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Wed, July 17

Breaking Down Food Labels - Sugar

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Thinkstock image

Hello Simply Fit readers. In a few years, the Food and Drug Administration (FDA) will update the nutrition labels that we find on foods and beverages. This new label's purpose is to help you and I to make healthier choices because let's face it, we always look at the label before we even consider eating or drinking something right? Don't answer that. Sadly, few people bother to read nutrition labels and then the few that do, are not able to truly understand what the label means.

So let's focus on sugar. What does it mean when a label states that a product contains thirty-two grams of sugar per serving? First of all, I want to know who on God's green earth decided to use grams instead of teaspoons...but I digress. In simplest terms, four grams of sugar is equal to one teaspoon.

So if a labels states that there are thirty-two grams of sugar per serving, then there would be eight teaspoons of sugar per serving because thirty-two divided by four equals eight. Now that wasn't hard was it?

For example, in my pantry there is a box of instant oatmeal. On the front of the box it says "Heart Healthy" and "Whole Grains" which is all true, but when I turn the box over, I see that there are twelve grams of sugar in every serving which is equal to three teaspoons of sugar.

Another example is a box of cold cereal. The label states that three-fourths of a cup contains ten grams of sugar. I can only speak for myself, but when I pour myself a bowl of cereal, it's usually more than three-fourths of a cup. So let's say that a normal serving is around one and a half cups. That would mean that I just ate twenty grams of sugar. Now let's add the milk, which would add approximately eleven more grams of sugar. This means that our seemingly innocent breakfast of cereal and milk contains around thirty-one grams of sugar which is equal to almost eight teaspoons of sugar. (Thirty-one divided by four teaspoons equals 7.75)

One thing that the current nutrition label does not say is how much sugar is naturally occurring and how much sugar has been added. Naturally occurring sugar can be found in fruits, vegetables, grains, dairy and honey. It's important to note that most foods that contain naturally occurring sugar are also high in beneficial nutrients while foods and beverages that have added sugar are less likely to be as nutrient rich.

To simplify, four grams of sugar is equal to one teaspoon; some foods contain naturally occurring sugars but are also high in beneficial nutrients; foods that have added sugar are less likely to be as beneficial; try to keep the amount of added sugar in your diet to a minimum by consuming less processed foods and by looking at the nutrient label and ingredients.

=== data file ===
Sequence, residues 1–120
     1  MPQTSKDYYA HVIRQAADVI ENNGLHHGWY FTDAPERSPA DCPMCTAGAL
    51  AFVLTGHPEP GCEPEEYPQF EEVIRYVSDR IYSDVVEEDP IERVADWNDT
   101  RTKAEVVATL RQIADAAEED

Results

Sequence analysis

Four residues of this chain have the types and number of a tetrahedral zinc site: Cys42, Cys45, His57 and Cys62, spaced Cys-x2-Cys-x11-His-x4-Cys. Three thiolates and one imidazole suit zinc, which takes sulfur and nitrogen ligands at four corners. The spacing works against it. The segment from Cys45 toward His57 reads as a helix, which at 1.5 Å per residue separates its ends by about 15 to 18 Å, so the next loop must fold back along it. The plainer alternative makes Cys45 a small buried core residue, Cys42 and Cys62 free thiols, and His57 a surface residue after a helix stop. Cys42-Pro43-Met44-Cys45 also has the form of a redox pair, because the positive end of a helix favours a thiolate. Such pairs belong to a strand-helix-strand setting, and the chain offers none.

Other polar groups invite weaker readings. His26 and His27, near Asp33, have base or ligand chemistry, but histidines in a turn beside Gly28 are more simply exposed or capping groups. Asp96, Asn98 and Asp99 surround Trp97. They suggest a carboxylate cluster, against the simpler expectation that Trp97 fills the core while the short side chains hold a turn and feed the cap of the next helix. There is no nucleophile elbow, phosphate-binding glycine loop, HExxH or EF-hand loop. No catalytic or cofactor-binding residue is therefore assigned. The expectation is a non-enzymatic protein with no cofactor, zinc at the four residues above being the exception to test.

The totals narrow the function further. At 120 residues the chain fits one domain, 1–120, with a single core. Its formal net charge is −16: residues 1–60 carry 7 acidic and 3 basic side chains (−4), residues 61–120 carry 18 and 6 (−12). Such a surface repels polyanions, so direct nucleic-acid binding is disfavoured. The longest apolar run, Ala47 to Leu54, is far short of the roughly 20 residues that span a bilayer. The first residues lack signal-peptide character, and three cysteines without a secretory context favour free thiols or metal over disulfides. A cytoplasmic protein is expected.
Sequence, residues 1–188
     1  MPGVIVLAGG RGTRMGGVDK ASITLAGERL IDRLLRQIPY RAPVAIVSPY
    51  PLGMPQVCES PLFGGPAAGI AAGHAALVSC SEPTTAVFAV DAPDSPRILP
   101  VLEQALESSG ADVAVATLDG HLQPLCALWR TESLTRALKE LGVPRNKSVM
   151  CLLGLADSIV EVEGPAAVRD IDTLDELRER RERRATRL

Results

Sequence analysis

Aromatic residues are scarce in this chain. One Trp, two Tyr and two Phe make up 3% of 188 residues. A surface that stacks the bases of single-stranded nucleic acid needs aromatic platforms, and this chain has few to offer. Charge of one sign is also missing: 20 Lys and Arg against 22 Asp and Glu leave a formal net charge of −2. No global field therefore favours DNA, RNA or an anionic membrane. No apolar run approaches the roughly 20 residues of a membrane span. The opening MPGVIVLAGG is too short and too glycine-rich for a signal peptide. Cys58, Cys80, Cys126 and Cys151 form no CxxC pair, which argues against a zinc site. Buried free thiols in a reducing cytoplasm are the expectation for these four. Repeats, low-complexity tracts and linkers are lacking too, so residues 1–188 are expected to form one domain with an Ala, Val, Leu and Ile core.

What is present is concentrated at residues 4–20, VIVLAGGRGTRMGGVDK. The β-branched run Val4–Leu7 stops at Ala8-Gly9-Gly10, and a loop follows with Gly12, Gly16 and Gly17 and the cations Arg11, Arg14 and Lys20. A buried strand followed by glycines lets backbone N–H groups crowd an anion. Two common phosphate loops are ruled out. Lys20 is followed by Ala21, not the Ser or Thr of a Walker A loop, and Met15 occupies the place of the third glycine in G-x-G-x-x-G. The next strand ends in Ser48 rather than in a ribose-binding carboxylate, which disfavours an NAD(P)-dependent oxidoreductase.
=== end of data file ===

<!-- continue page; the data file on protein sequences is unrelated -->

According to the American Heart Association: Americans get about 88.8 teaspoons (22.2 grams) of added sugar per day. This is well over the recommended amount of six teaspoons for women and nine teaspoons for men and according to the World Health Organization (WHO), sugars should make up less than 10% of total calories per day and that reducing sugar intake to five percent of total calorie intake would have additional benefits. Five percent of total energy intake is equal to about twenty-five grams (or six teaspoons) of sugar per day for an adult with a normal body mass index (BMI)

According to a Huffington Post article written in July 2013, sugar has the following health risks:

1. Sugar can damage your heart (by affecting the pumping mechanism of the heart.)

2. Sugar specifically promotes belly fat (Mainly fructose which is found in sugar laden beverages.)

3. Sugar is the true silent killer (Sugar, especially fructose, seems to numb our hormonal response to being full, which causes us to over eat because we think we are still hungry.)

4. Sugar may be linked to cancer production and may effect cancer survival (Some studies have pointed to high sugar intakes to higher risks of breast and colon cancer.)

5. Your sugar "addiction" may be genetic (Thanks mom!)

6. Sugar and alcohol have similar toxic liver effects on the body (Some research showed that fructose and glucose in excess is just as harmful to the liver as excess in alcohol)

7. Sugar may sap your brain power (Excess sugar has been shown to cause premature aging in the brain)

8. Sugar hides in many everyday "non-sugar" foods (Look for sugar in sauces, dressings, and even breads)

9. An overload of sugar (specifically in beverages) may shorten your life (People who consume large amounts of sweetened beverages are at a higher risk of diabetes, heart disease and cancer)

10. Sugar is making us fat (Duh!)



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